In May 2020, Rathjen commenced an indefinite leave of absence after University of Adelaide Chancellor Kevin Scarce resigned without public explanation the previous day.[9] Later in the week, the Independent Commissioner Against Corruption (ICAC) confirmed he was investigating allegations of improper conduct by the Vice-Chancellor of the University of Adelaide.[10] Rathjen, accused of engaging in "a personal relationship with a staff member",[11] was succeeded by Acting Vice-Chancellor Mike Brooks. Rathjen formally resigned in July 2020,[12] "due to ill health".[13] In August 2020, the ICAC found that Rathjen had committed "serious misconduct" by sexually harassing two University of Adelaide colleagues, had lied to the then Chancellor Kevin Scarce, and also lied to the Commissioner in his evidence with respect to an investigation of sexual misconduct with a postgraduate student when he was employed at the University of Melbourne.[14] The ICAC Commissioner Bruce Lander acknowledged there were "further issues" in the full 170-page report on the investigation which he chose not to release due to privacy concerns surrounding the victims, instead releasing an abridged 12-page version ‘Statement about an Investigation: Misconduct by the Vice-Chancellor of the University of Adelaide’.[15] In determining his findings, the Commissioner relied in part on the personal blog of US journalist Michael Balter who documented Rathjen's prior history of sexual harassment, and was largely responsible for bringing the matter to the public's attention, and ultimately ICAC's. The ICAC Commissioner's damning findings against Rathjen have put the University of Adelaide's culture under intense scrutiny in both the local and international media.[16]


  1. ^ a b Clark, Nick (30 May 2017). "University of Tasmania vice-chancellor Peter Rathjen takes post at University of Adelaide". The Mercury. Retrieved 30 May 2017.
  2. ^ "Professor Peter Rathjen, Vice-Chancellor and President". Office of the Vice-Chancellor and President. University of Adelaide. 2018. Retrieved 17 April 2018.
  3. ^ Smith, Linda (2 May 2011). "Anger at uni boss's criticism". The Mercury. Archived from the original on 7 October 2012. Retrieved 30 January 2015.
  4. ^ Hare, Julie (25 February 2017). "University pushes $400m science unit relocation". The Australian. Retrieved 27 February 2017.
  5. ^ Hare, Julie (30 August 2016). "How to educate underperforming Tasmania". The Australian. Retrieved 27 February 2017.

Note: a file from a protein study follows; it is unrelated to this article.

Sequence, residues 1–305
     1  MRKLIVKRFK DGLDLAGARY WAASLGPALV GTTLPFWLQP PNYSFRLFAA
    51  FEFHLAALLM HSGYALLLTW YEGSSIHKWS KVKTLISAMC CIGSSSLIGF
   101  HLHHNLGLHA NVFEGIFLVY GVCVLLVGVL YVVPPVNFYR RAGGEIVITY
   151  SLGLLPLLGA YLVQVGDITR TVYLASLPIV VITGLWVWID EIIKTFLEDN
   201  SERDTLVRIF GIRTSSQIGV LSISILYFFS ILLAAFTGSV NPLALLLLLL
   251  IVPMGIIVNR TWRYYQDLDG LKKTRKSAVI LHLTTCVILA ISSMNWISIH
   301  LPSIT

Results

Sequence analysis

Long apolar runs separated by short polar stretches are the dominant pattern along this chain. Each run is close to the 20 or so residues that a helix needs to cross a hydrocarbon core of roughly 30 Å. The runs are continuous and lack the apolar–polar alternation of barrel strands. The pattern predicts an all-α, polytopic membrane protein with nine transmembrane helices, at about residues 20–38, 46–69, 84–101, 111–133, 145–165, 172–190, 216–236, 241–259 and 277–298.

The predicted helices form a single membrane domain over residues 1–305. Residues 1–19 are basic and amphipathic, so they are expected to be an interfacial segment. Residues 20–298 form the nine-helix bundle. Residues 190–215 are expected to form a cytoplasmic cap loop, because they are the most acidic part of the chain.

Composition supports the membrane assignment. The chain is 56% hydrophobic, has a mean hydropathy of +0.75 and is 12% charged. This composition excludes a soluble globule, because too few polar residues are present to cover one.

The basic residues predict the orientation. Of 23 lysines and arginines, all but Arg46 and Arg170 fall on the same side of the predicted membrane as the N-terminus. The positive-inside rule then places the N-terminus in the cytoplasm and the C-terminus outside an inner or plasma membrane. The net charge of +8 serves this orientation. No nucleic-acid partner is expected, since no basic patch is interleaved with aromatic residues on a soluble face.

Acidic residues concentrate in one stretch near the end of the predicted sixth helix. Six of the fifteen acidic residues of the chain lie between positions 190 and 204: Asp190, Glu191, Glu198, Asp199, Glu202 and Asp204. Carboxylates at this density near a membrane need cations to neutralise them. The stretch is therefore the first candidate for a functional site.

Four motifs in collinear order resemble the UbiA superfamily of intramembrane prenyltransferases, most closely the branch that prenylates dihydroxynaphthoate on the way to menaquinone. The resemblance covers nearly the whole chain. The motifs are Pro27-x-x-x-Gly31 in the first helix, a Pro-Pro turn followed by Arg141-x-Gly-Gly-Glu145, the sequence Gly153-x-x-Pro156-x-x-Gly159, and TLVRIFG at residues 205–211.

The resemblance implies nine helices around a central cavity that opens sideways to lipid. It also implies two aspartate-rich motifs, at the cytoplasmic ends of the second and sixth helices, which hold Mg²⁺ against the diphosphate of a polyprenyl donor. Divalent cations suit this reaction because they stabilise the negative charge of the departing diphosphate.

6. ^ Bolger, Rosemary (4 March 2016). "Travel costs of University of Tasmania Vice-Chancellor, Peter Rathjen, disappoints union". ABC. Retrieved 15 July 2018.
  7. ^ Burgess, Georgie (29 September 2017). "Vice-chancellor Peter Rathjen to take university-funded trip weeks before signing off". ABC. Retrieved 15 July 2018.
  8. ^ Humphries, Alexandra (18 August 2020). "Former University of Tasmania vice-chancellor Peter Rathjen's $277,000 travel bill". ABC. Retrieved 18 August 2020.
  9. ^ Siebert, Bension (5 May 2020). "No explanation as University of Adelaide's two top leaders step down". ABC News. Retrieved 6 May 2020.
  10. ^ Harmsen, Nick (7 May 2020). "ICAC investigating alleged 'improper conduct' by University of Adelaide vice-chancellor". ABC News. Retrieved 7 May 2020.
  11. ^ Dodd, Tim; Penberthy, David (8 May 2020). "Uni chief faces misconduct probe". The Australian. Retrieved 27 August 2020.
  12. ^ Penberthy, David (17 July 2020). "University of Adelaide in global hunt for new vice-chancellor as talk of merger rekindled". The Australian. Retrieved 27 August 2020.
  13. ^ "Adelaide University vice-chancellor, investigated by ICAC, resigns 'due to ill health'". 20 July 2020. Retrieved 27 August 2020.
  14. ^ "'Egregious disrespect': University vice-chancellor sexually harassed colleagues, ICAC finds". 26 August 2020. Retrieved 26 August 2020.
  15. ^ "Statement about an Investigation: Misconduct by the Vice-Chancellor of the University of Adelaide" (PDF). 26 August 2020. Retrieved 27 August 2020.
  16. ^ "Sexual harassment: university's culture under scrutiny after damning findings against vice-chancellor". 30 August 2020. Retrieved 31 August 2020.

External links[edit]

Academic offices
Preceded by
Daryl Le Grew
Vice-Chancellor of the University of Tasmania
Succeeded by
Preceded by Vice-Chancellor of the University of Adelaide
Succeeded by
Mike Brooks /
Peter Høj